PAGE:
johnkeeb

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Feb 15, 2022, 10:06:37 AMFeb 15
to dark-star...@googlegroups.com

Andy,

One of the suppositions needed for this to work is that the Nibiru orbits Sol and has few, or at least small moons orbiting inside its L1-L2 points. Otherwise, there would definitely be collisions around Mars!!

 

So the ferry is at the Nibiru’s L1 position and the Nibiru is about 530AU further out from Mar’s orbit? That would drag it’s L1 position through Mar’s L2 position and the ferry could switch allegiances with a small fuel burn in the direction opposite that of Nibiru but within the plane of Mar’s orbit? Nibiru would continue on its way far outside the Sol system and probably not disrupt it at all? Probably best if the Nibiru’s planetary disc (maybe just a flock of moons) was somewhere between a 45 degree and 135 degree angle to the plane of Mar’s orbit? And the Nibiru L1 position would have to be moving faster than Mars does along its orbit for the L1 (Mars) to be overtaken by the L2 (Nibiru). Jupiter and the outer big planets might have had to be on the opposite side of Sol for this to work without collisions or theft of planets from Sol!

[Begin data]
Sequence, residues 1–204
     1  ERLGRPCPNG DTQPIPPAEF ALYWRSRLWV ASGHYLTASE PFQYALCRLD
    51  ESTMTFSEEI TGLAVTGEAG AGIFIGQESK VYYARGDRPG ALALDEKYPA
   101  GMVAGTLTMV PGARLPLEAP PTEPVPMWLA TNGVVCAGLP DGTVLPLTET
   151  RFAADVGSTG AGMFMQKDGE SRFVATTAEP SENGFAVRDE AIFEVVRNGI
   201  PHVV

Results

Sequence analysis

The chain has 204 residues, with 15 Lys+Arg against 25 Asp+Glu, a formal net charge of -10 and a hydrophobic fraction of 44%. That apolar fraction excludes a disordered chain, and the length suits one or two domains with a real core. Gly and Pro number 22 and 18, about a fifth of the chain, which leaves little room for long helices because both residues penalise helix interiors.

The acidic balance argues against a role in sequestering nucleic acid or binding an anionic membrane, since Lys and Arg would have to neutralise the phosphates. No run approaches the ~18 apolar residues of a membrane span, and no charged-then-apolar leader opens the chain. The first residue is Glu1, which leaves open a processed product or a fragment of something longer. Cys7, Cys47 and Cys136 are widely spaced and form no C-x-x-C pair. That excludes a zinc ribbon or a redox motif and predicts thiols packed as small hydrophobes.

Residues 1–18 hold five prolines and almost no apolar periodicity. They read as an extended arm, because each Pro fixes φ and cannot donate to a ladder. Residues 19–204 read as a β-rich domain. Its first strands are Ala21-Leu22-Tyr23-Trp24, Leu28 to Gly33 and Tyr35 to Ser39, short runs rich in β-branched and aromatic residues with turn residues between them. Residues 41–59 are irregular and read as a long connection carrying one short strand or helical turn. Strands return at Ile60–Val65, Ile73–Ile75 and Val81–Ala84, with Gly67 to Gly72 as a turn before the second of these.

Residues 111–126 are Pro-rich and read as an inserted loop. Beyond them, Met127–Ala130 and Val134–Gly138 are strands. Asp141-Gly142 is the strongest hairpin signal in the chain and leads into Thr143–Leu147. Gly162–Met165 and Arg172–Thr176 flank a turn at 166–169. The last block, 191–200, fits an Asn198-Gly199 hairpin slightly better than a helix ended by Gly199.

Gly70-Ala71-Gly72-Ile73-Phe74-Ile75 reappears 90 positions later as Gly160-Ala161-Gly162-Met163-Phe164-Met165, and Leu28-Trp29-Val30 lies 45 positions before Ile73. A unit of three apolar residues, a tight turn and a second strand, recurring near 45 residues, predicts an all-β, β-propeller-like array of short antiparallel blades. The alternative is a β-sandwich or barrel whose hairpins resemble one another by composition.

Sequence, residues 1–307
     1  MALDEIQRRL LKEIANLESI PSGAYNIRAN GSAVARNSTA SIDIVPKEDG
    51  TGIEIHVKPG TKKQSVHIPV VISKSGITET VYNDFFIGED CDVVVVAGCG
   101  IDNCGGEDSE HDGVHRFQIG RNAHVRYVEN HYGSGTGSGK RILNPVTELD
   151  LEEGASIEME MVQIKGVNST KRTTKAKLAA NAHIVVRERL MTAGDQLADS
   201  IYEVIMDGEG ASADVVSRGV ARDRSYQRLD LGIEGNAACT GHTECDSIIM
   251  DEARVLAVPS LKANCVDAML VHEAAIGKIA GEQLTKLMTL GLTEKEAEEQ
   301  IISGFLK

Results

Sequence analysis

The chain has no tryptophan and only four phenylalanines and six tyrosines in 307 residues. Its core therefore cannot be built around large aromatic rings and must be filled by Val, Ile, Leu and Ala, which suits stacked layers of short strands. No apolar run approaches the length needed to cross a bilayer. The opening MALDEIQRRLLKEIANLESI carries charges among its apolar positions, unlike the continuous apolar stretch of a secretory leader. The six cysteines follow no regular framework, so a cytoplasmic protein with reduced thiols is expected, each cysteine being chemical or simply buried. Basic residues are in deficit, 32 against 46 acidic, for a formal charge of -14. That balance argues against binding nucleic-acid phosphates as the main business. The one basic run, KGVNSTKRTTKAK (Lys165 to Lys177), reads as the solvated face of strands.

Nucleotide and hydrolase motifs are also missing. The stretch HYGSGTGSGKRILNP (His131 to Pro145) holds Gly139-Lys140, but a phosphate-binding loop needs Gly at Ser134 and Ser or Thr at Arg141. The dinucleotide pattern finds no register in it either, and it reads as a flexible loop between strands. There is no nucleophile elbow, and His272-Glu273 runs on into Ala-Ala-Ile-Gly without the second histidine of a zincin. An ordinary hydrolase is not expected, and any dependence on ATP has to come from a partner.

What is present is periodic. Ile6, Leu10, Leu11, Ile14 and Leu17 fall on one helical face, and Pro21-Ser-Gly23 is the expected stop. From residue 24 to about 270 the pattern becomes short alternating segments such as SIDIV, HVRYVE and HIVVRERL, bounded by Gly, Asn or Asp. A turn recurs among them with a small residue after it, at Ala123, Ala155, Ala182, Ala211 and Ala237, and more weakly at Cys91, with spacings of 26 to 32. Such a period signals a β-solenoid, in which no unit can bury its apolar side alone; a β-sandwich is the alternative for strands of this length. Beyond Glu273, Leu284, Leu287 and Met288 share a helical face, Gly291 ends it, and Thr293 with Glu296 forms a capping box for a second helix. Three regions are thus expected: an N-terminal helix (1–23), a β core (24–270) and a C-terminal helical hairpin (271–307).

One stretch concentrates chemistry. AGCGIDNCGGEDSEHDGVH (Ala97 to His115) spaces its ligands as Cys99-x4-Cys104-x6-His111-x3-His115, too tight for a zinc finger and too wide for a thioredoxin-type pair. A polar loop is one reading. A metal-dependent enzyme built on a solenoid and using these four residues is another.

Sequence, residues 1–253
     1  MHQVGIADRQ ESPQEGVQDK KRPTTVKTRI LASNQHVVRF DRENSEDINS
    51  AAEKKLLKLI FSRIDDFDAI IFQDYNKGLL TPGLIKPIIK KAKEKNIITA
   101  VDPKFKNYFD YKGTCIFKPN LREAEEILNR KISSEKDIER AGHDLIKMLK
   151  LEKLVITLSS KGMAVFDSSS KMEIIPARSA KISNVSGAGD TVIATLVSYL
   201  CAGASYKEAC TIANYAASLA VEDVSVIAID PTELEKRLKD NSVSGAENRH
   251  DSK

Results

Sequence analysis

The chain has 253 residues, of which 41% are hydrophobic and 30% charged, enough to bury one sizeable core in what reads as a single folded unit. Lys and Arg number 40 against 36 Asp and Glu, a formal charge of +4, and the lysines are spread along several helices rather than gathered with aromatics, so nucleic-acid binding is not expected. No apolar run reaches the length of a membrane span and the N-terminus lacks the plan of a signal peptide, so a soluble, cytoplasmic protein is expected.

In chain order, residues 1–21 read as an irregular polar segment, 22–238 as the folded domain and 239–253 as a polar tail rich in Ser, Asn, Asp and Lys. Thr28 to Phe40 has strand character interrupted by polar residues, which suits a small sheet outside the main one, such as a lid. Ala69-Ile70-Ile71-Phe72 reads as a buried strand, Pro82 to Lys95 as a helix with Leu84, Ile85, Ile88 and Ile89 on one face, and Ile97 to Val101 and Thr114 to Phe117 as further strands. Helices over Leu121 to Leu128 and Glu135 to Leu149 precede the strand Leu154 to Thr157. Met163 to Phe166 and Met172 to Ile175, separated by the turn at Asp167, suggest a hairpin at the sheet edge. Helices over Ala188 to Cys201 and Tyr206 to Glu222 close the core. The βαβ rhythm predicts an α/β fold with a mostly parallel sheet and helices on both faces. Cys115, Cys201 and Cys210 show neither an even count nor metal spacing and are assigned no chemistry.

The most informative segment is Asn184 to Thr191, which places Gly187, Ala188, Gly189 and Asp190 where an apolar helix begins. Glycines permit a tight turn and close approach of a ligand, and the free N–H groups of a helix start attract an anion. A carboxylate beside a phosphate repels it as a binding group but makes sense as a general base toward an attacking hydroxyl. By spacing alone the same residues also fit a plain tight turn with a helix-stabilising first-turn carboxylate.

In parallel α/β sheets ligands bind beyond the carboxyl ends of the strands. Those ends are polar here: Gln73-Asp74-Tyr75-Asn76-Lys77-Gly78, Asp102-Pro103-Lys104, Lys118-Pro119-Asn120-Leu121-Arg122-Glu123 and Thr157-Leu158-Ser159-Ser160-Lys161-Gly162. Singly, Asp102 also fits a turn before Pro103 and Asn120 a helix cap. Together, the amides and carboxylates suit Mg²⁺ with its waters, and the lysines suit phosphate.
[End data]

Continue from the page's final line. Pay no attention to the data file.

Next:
Does this match what you are thinking?

 

Thanks!

John Keebaugh

 

From: dark-star...@googlegroups.com [mailto:dark-star...@googlegroups.com] On Behalf Of Alan Cornette
Sent: Monday, February 14, 2022 8:47 PM
To: Andy Z; dark-star-planet-x
Subject: Re: LaGrangian Point and Nibiru

 

There's a lot of space between Jupiter and Mars, enough to allow PlanetX with satellites to pass through the Ecliptic Plane (at about a 47 degree angle?) without disturbing the inner planets too much.  That is, if the inner planet locations were in more distant positions - the other side of the sun?  I have no idea how to calculate how long it would take to pass through the plane but Sitchin describes how Anu had a 17 day window in which to leave earth and rendezvous with Nibiru heading back out to apogee. Maybe one of Nibiru's satellites could be regarded as a ferry that passed close enough to Mars - why Mars was mentioned as a relay station coming to and leaving earth. Al C.